Throggs Neck comedian on Last Comic Standing

Mike DeStefano, a product of Throggs Neck, went from a needle to a microphone. Now he’s telling the story as part of his act on NBC’s hit comedy competition show, “Last Comic Standing.”

DeStefano didn’t always know he’d become a comedian, mostly because he feared he wouldn’t become much of anything.

“I went through some time I wouldn’t wish on anybody,” he said. “I was in and out of rehab, got clean at 18, relapsed, got clean again, relapsed again.”

Even before DeStefano’s trouble with heroin and other recreational drugs, he was a rebellious kid. He grew up on Vincent Avenue in Throggs Neck and went to St. Frances de Chantal, then St. Raymond’s High School, where he was thrown out his freshman year.

“It wasn’t even drugs yet at that point,” he said, “I was just extremely rebellious. My brothers and I were always in trouble. I could never really hold down a job, didn’t want to be told what to do.”

He cleaned up his act, so to speak. DeStefano, who has performed stand-up comedy on Showtime, Late Night with Conan O’Brien, and Comedy Central Presents, is now one of ten finalists on Last Comic Standing, which airs on Monday nights at 9 p.m. on NBC.

In his routines, he likes to talk about his own story, but also riff on religion, race, and other people’s philosophies on life.

“I like to show the ridiculousness of all of it. I try not to take my jokes too seriously,” he said. “It’s like, our parents just had sex, that’s all we did to get here, and then we all go around acting like we did something so special by existing and being Italian or Irish or whatever we are.”

How DeStefano went from rehab to center stage is a wonder.

“I was actually living in Florida when I did my first act,” he said.

DeStefano had been down there for rehab, and chose to stay a while after being released. “I was so miserable working odd jobs, working as a youth educator for the Department of Health there. I hated regular working life, it just drove me crazy. I would curse in my seminars and the kids would laugh, but I’d get in trouble with the state. It was the kind of job that it’s very hard to get fired from, and yet I figured out how to get fired.”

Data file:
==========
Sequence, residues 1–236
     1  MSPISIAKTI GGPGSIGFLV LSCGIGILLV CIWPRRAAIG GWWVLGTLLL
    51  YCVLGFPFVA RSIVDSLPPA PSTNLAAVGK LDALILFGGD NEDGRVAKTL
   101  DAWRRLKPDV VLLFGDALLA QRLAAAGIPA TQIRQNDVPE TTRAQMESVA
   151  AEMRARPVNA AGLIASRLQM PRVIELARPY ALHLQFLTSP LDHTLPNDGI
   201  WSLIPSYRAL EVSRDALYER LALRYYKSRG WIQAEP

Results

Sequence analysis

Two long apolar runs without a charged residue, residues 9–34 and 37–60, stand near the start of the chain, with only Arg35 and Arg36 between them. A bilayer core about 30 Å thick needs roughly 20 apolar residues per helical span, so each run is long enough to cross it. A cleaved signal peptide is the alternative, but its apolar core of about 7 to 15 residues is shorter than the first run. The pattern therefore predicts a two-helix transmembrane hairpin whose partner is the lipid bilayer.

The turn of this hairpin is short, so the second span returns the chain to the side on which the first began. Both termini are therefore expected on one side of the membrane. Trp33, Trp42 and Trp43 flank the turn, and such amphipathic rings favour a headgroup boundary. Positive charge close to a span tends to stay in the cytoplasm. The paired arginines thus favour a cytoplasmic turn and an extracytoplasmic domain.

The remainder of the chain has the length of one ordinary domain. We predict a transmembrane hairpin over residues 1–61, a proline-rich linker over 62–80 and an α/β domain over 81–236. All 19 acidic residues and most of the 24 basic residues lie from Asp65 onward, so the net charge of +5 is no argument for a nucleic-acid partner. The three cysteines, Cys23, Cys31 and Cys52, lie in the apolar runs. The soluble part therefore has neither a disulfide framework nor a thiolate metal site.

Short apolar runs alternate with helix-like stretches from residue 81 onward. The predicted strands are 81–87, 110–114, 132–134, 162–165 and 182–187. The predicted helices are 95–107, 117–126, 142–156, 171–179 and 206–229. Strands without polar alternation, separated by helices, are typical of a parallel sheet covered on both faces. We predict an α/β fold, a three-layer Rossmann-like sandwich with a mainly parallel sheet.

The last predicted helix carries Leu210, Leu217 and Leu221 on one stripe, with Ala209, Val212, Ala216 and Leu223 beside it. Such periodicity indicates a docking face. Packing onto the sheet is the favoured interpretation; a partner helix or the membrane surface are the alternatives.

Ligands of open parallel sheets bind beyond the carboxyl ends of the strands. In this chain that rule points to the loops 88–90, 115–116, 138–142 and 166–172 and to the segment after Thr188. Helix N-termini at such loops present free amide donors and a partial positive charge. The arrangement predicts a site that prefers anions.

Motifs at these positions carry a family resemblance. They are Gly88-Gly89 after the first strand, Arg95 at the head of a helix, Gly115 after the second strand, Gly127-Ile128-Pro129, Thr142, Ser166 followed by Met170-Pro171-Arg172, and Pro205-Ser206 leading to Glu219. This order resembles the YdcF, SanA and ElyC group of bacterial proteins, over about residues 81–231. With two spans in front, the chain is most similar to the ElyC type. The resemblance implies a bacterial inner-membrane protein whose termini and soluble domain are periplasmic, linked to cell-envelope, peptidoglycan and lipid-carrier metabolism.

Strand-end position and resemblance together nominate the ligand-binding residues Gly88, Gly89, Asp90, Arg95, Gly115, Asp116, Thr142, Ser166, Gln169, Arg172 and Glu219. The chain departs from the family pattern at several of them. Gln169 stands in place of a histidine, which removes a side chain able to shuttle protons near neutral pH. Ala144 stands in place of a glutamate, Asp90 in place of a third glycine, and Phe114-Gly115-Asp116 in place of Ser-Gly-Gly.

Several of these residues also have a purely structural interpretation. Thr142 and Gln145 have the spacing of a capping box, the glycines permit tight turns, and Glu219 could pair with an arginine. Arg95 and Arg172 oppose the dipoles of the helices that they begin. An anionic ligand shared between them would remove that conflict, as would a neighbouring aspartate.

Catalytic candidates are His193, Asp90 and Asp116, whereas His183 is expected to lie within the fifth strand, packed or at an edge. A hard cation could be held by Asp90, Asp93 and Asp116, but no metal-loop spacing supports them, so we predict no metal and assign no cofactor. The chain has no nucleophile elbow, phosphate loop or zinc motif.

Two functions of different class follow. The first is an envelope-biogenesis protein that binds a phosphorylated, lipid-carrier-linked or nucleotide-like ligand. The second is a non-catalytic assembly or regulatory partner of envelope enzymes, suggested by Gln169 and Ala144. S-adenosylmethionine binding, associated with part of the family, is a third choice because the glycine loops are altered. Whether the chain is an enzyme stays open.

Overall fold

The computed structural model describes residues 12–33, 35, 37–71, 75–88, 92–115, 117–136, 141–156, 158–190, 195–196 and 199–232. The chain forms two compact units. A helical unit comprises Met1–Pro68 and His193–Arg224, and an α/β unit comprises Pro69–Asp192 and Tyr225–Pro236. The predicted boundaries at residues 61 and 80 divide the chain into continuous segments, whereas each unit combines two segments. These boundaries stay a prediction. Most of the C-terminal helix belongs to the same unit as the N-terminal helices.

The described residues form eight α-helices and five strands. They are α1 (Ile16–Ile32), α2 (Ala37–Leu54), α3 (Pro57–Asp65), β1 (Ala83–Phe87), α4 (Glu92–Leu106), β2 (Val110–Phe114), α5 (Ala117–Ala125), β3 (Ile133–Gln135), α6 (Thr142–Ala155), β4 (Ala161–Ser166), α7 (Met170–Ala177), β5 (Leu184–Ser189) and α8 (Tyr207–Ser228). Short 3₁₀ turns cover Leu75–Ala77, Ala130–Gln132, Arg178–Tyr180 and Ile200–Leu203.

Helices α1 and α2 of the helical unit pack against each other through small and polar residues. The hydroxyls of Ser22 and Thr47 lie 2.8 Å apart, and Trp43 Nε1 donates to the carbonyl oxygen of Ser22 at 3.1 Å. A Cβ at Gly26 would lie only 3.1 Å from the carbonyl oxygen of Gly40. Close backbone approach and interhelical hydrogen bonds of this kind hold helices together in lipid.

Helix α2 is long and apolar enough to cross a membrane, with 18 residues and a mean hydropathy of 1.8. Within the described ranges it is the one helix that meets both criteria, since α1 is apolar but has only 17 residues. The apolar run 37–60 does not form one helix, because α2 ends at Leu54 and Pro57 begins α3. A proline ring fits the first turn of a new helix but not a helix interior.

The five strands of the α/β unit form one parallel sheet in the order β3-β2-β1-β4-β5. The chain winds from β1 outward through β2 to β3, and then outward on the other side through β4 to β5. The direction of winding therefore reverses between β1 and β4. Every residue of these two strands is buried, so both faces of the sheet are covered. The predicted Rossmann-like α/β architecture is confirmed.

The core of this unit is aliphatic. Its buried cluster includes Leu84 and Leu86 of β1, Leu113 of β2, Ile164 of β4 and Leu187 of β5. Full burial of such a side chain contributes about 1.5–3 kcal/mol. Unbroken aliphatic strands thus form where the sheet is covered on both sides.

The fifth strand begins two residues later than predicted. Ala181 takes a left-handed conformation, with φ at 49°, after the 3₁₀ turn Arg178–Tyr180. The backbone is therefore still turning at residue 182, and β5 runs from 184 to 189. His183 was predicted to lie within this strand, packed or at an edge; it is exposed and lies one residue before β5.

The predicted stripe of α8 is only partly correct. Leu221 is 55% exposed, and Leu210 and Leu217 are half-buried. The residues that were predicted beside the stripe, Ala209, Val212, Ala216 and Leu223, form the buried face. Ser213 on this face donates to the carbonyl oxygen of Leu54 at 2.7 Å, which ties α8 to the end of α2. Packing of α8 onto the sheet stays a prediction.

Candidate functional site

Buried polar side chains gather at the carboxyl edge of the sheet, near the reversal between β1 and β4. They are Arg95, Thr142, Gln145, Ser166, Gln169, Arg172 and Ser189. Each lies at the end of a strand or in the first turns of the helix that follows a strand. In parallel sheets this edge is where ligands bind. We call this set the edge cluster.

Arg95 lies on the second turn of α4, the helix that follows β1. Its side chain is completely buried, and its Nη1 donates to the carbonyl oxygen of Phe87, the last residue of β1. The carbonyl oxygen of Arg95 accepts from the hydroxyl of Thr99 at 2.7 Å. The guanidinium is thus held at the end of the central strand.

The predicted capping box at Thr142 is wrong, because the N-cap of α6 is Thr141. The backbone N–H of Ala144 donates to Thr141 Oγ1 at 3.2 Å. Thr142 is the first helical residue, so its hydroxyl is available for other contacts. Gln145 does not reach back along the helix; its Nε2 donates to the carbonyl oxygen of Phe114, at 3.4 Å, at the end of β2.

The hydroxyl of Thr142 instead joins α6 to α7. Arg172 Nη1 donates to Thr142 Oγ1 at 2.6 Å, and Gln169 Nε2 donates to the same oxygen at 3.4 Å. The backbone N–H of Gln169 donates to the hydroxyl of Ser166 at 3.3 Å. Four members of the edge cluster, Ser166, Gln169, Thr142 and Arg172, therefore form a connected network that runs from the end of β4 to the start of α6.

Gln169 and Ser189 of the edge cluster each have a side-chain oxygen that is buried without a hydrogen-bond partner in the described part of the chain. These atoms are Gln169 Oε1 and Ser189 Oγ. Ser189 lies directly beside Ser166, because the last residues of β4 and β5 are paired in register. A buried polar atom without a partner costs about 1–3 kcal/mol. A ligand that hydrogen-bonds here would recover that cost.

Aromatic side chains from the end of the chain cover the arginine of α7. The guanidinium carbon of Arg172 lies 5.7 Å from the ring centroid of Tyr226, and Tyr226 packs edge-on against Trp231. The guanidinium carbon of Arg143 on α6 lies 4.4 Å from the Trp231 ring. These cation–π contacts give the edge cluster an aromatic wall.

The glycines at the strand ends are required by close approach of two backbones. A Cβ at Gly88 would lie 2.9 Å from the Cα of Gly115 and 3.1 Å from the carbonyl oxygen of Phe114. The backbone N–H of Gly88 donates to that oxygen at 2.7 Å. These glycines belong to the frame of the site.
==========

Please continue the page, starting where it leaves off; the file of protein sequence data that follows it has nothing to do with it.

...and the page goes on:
That was when he got on stage in an amateur setting and, according to the now very professional comedian,

“The first joke I told got huge laughs. I was so impressed with myself, I knew I could do it for a job.”

His mother, Helen DeStefano-Bracciodieta, was impressed with him as well.

“All his brothers and myself are all so impressed, and proud of him,” she said. “I can’t tell you how bad it was for a while. That was the worst time of my life. He amazes me now, he turned into such a wonderful human being.”

His first big break, after some time performing in clubs, came when Denis Leary put him on his comedy show.

He then played a cop on an episode of ‘Rescue Me,’ the FX series about firefighters that Leary stars in.

He lists George Carlin, Richard Pryor, and Chris Rock as his comedy influences.

But is it ever awkward for DeStefano, whose style of humor is often vulgar and has a lot of dirty language, to perform in front of his mother?

He said it isn’t: “She understands that comedians have to curse often,” but Helen admitted otherwise.

In the most recent episode on July 12, DeStefano and the nine other contestants each performed a brief act, and voting began. The votes are in, but results will not be revealed until the July 19 episode, in which three of the ten will be cut.

As far as sizing up his competition goes, DeStefano said that he doesn’t waste time with that. He hasn’t grown close with any of the other comics, and doesn’t watch their routines. “I’m not there to make friends,” he said simply. “I want to send them all packing.”

Following the most recent episode, reactions are already streaming in. “Laughing til I cry… Great Show! Best Pick: Mike DeStefano will bring it on,” writes Bill Halford on

But over at the Naperville Pop Media Examiner, Jennifer Sale writes: “I’m on the fence with Mike. I think he has potential to have funny stuff, you could tell at the end when he got a bit more personal with his humor… He’s trying to be this crass guy, and I’m not sure he really is that guy.”

Next, DeStefano wants to write a seriocomic memoir about his struggle with addiction.

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